• “I haven’t seen a way that you can, in fact, win the case, which you certainly want to do, without undermining and changing radically what has gone back to the New Deal, that is, the interpretation of Norris-LaGuardia and the NLRA.” – Breyer

Justice Ginsburg pointed out that the premise of the FAA was lacking – two parties actually reaching an agreement. She began by acknowledging that employees are not really negotiating, but instead, they are in a take-it-or-leave-it situation.

  • “The FAA, in its inception, was meant to deal with bargains between merchants, bargains between merchants who said the arbitration forum is much less expensive, so we want to go there, rather than the court… it was commercial contracts that triggered the FAA.” – Ginsburg

She reminded everyone that the history of Section 7 of the NLRA was based on outlawing use of “yellow dog” contracts, which required works to promise never to join a union in order to be hired.

  • “These contracts amount to ‘Yellow Dog’ contracts.” – Ginsburg

Justice Kagan was very terse and concise in her analysis, pointing out that anything that attacks concerted activity is illegal, and thus is unenforceable in court.

  • “The NLRA provides that ‘any waiver of Section 7 rights shall not be enforceable in any court.’” – Kagan
  • “I mean that’s what it is. It’s saying I used to have this right for concerted activity, and now I don’t.” – Kagan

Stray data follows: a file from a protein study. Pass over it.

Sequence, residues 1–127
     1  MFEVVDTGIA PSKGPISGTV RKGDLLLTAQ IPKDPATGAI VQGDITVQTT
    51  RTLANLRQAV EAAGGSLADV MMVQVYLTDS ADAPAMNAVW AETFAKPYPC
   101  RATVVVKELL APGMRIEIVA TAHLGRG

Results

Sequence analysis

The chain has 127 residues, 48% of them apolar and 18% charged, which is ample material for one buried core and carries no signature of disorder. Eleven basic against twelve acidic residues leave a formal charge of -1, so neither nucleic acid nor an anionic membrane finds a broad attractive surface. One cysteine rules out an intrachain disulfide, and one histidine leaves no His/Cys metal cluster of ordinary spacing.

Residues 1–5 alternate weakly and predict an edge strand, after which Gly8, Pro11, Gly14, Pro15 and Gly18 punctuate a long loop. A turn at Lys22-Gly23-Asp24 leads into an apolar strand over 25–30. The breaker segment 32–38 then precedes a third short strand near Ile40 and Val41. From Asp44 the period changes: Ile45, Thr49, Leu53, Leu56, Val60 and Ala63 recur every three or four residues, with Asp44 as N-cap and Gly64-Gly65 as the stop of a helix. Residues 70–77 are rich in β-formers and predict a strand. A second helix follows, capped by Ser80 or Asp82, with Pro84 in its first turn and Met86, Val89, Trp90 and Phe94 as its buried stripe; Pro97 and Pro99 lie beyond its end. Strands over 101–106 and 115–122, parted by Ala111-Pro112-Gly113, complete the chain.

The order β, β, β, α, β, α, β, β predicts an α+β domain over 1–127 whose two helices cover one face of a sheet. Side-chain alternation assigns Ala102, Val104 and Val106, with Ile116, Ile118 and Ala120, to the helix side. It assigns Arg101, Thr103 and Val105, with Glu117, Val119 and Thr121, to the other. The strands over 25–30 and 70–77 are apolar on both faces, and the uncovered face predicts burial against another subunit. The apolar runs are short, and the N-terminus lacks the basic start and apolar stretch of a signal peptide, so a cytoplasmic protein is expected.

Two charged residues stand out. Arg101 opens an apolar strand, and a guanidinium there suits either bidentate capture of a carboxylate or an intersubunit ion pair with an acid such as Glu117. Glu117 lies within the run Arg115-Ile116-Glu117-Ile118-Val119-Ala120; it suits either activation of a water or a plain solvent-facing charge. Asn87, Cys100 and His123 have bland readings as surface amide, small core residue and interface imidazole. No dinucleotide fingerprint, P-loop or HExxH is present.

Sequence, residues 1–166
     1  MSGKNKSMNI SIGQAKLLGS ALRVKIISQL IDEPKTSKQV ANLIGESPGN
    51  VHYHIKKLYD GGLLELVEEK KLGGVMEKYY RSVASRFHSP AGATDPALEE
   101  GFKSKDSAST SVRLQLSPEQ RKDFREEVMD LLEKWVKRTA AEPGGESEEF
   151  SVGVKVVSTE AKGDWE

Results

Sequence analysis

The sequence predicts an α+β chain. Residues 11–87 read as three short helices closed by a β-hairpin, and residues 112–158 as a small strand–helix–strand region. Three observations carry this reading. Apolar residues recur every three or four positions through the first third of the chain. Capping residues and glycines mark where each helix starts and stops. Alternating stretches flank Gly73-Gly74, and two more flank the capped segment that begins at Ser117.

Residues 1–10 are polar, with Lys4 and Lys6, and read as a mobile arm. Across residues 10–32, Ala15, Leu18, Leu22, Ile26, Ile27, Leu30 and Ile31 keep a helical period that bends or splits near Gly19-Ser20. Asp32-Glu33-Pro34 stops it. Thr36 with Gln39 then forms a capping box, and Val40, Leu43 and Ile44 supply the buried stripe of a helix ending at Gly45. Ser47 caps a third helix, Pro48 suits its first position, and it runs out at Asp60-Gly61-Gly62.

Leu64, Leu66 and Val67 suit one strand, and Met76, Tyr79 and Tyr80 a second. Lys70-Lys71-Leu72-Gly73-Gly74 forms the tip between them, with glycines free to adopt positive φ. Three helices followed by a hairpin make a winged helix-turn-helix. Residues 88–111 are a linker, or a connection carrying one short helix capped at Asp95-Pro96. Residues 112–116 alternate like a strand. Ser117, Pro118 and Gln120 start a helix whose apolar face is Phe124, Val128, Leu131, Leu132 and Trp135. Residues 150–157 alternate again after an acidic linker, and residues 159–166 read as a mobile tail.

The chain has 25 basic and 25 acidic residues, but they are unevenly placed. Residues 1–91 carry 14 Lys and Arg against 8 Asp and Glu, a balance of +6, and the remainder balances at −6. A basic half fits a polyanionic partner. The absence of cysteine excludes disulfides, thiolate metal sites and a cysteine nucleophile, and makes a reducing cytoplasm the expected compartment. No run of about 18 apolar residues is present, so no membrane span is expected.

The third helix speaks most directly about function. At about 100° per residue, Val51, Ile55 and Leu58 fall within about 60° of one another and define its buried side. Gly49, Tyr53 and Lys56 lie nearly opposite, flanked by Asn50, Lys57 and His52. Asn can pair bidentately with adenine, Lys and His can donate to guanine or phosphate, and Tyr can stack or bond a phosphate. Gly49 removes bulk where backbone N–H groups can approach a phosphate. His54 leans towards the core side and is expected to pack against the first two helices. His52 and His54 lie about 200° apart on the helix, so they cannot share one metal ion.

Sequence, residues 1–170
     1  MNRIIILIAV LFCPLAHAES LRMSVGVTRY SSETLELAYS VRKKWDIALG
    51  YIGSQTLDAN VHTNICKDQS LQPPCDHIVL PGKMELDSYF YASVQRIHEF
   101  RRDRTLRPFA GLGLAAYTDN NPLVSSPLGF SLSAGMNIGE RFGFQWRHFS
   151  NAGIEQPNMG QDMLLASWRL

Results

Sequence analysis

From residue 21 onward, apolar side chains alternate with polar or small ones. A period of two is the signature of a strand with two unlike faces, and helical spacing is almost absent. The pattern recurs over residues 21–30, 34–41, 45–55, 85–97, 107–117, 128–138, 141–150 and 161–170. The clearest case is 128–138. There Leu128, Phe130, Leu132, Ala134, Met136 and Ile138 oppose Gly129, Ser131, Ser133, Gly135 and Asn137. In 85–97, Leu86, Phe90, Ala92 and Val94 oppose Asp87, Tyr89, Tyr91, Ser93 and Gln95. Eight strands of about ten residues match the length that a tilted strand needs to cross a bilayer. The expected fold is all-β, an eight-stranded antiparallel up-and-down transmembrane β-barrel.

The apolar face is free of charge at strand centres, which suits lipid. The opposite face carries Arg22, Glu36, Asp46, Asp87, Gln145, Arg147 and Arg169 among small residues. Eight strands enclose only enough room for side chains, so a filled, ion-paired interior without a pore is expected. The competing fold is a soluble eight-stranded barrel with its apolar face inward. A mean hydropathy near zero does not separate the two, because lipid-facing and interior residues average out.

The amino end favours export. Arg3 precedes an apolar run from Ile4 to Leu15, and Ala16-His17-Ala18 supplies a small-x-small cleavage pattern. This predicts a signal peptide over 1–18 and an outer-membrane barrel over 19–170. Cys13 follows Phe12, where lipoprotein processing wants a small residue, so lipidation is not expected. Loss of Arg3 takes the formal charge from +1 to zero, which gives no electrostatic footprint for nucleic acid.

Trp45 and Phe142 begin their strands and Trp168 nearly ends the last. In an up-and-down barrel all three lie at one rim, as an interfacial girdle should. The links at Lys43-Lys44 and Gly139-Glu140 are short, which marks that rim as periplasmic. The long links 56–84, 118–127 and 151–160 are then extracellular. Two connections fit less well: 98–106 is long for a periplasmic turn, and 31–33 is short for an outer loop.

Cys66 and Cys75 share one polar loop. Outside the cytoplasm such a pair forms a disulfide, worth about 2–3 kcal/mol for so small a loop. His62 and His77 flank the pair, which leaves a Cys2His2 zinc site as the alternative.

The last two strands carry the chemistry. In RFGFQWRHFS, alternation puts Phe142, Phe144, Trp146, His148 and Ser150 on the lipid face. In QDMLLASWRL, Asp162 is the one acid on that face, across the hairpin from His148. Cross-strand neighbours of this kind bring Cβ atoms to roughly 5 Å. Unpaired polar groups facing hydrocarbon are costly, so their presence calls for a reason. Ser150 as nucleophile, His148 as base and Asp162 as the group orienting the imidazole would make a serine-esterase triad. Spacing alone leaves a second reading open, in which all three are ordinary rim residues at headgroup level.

The employer lawyers tried to argue there is no waiver of Section 7 when the parties reached an agreement to arbitrate and file class actions.

  • “I don’t think the way to see a traditional bilateral arbitration agreement is as a waiver of a Section 7 right or an NLGA right. It is just an effort by the employer and the employee to agree to set the rules for the forum of arbitration when you get there.” – Petitioner

Setting aside Justice Ginsberg’s point that the employment contract was not actually negotiated, Justice Kagan saw no room for the parties to reach such an agreement.

  • “[F]orget about a waiver because an undertaking in conflict with Section 7 shall not be enforceable [in Court].” – Kagan

If the liberal Justices’ questions and comments are telling, there are at least four votes against upholding employment contracts that include arbitration and class action waiver clauses.

The next blog post will present the questions and comments of the conservative and swing vote members of the Court

Jason J. Thompson

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Jason J. Thompson

Jason Thompson is a nationally board certified trial attorney and co-chairs Sommers Schwartz’s Complex Litigation Department. He has a formidable breadth of litigation experience, including class action and multidistrict litigation (MDL), and practices nationwide in both state and federal courts.